The classification of [[wine]] can be done according to various methods including [[...|place of origin]] or [[appellation]],ref vinification methods and style,ref[[Sweetness of wine|sweetness]] and [[vintage]],ref or [[varietal]]ref used. Practices vary in different countries and regions of origin, and many practices have varied over time. Some classifications enjoy official protection by being part of the [[wine law]] in their country of origin, while other have been created by, for example, grower's organizations without such protection.
== "Wine" ==
Within the [[European Union]], the term "wine" in English and in translation is reserved exclusively for the [[fermentation (wine)|fermented]] [[grape juice|juice]] of grapes.ref
Within the [[United States]], wine may include the fermented juice of any [[fruit wine|fruit]]ref or [[non-grape wine|agricultural product]], provided that it is between 7% and 24% [[alcohol by volume]] and intended for non-industrial use.ref With the exceptions of [[cider]], [[perry (drink)|]], and [[sake]], such non-grape wines are to label themselves by the word "wine" qualified by a truthful description of the originating product: "[[honey wine]]", "", (blended) "[[fruit wine]]", etc.ref
Other jurisdictions have similar rules dictating the range of products qualifying as "wine".ref== By appellation ==
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More recently, wine regions in countries with less stringent location protection laws such as the United States and Australia have joined with well-known European wine producing regions to sign the Napa Declaration to Protect Wine Place and Origin, commonly known as the Napa Declaration on Place. This is a "declaration of joint principles stating the importance of location to wine and the need to protect place names".ref The Declaration was signed in July 2005 by four [[United States]] winegrowing regions and three [[European Union]] winegrowing regions.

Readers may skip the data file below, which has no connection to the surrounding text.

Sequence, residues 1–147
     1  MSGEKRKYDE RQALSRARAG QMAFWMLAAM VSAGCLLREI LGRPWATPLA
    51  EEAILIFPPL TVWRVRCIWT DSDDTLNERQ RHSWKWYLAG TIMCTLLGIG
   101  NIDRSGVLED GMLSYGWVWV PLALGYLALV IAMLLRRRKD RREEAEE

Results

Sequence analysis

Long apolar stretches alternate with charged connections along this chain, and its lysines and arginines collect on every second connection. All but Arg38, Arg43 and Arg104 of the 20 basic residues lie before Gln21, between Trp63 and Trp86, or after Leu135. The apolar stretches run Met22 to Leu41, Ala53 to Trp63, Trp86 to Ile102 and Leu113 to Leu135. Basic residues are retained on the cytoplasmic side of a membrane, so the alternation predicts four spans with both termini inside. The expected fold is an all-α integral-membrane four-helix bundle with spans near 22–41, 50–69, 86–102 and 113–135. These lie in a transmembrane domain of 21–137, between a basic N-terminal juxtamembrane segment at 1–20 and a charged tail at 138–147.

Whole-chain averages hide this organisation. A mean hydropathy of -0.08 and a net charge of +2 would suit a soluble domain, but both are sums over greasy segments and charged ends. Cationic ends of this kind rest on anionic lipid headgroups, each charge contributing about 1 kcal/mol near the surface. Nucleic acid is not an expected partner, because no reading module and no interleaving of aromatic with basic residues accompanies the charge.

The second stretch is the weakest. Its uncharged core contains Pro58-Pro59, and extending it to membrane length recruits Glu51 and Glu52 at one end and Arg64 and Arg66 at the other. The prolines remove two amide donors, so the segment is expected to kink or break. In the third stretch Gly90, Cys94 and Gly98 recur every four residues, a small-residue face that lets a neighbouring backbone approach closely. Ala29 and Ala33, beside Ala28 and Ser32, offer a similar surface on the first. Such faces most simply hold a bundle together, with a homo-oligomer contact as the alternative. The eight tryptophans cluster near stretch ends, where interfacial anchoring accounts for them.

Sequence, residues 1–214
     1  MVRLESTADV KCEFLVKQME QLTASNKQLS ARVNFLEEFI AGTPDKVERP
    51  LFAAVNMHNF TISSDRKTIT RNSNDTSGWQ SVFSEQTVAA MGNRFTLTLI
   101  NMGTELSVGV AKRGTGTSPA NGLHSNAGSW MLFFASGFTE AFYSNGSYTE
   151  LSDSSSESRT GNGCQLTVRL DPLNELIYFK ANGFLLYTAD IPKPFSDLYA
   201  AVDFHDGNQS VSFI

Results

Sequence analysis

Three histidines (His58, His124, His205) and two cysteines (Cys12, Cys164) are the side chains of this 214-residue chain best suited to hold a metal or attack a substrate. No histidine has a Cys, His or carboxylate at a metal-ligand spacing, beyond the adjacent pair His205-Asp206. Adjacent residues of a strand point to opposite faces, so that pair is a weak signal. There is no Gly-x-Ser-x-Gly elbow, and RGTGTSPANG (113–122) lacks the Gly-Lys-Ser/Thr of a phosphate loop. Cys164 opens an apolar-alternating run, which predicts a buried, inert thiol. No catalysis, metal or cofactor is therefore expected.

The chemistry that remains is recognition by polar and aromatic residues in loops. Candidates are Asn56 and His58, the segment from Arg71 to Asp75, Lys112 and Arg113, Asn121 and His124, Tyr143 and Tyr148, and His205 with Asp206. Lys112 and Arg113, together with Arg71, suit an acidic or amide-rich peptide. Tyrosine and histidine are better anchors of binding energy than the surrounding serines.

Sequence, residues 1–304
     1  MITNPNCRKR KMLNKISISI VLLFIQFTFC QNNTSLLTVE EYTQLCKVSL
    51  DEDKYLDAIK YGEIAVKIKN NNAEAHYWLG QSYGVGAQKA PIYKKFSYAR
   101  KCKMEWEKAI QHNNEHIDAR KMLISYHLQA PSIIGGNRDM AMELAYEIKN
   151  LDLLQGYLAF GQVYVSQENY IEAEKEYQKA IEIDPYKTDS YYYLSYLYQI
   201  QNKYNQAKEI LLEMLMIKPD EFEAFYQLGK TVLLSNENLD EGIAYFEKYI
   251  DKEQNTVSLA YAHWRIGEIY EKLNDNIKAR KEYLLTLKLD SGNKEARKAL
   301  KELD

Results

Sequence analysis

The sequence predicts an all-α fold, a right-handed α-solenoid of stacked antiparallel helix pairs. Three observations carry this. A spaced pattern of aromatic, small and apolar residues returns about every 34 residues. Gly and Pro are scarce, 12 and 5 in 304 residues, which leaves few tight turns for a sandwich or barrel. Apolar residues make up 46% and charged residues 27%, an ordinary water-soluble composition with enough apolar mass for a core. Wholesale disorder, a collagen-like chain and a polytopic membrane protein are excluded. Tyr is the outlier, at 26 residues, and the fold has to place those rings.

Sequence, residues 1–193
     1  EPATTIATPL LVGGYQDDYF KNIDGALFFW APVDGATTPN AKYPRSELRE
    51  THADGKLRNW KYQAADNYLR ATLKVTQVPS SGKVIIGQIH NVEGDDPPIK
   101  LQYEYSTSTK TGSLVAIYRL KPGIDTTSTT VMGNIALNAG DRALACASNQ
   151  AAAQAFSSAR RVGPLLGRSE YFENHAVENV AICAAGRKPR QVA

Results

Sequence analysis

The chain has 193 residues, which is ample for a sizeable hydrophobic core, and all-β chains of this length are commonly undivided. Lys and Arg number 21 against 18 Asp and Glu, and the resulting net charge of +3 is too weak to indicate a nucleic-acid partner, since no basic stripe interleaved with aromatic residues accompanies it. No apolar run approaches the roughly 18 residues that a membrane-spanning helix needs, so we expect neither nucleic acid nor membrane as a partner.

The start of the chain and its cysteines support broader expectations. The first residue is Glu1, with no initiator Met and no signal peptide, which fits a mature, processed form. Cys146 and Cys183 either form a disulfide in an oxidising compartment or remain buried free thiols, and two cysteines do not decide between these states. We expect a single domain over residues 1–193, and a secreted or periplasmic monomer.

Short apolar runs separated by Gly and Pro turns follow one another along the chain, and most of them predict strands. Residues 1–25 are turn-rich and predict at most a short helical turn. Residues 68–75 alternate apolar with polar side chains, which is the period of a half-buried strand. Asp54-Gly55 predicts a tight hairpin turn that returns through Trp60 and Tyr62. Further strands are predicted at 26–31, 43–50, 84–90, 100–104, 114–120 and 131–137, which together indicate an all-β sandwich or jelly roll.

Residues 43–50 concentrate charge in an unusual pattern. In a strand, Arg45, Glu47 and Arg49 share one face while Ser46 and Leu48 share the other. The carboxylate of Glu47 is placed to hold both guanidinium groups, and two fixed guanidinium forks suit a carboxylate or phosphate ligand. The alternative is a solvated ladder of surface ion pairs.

The signatory regions from the US were [[Napa Valley]], [[Washington (state)|]], [[Oregon]] and [[Walla Walla, Washington|]], while the signatory regions from the EU were: [[Champagne (province)|]], [[Cognac, France|]] (the commune where [[Cognac (drink)|]] is produced), [[Douro]] (the region where [[Port wine]] is produced) and [[Jerez]] (the region where [[Sherry]] is produced).
The list of signatories to the agreement expanded in March 2007 when [[Sonoma County]], [[Paso Robles]], [[Chianti Classico]], , [[Victoria, Australia]] and [[Western Australia]] signed the Declaration at a ceremony in Washington, DC.
=== Regional wine classifications ===
Many regional wine classifications exist as part of [[History of wine|tradition]] or [[appellation]] law. The most common of these is based on vineyard sites and include the [[Bordeaux Wine Official Classification of 1855]], though some regions classify their wines based on the style like the [[German wine classification]] system. Vineyard classification has a long history dating from some early examples in [[Jurançon AOC|Jurançon]] in the 14th century, in 1644 when the council of [[Würzburg]] ranked the city's vineyards by quality,and the early five-level designation of vineyards based on quality in [[Tokaj-Hegyalja]] in 1700.ref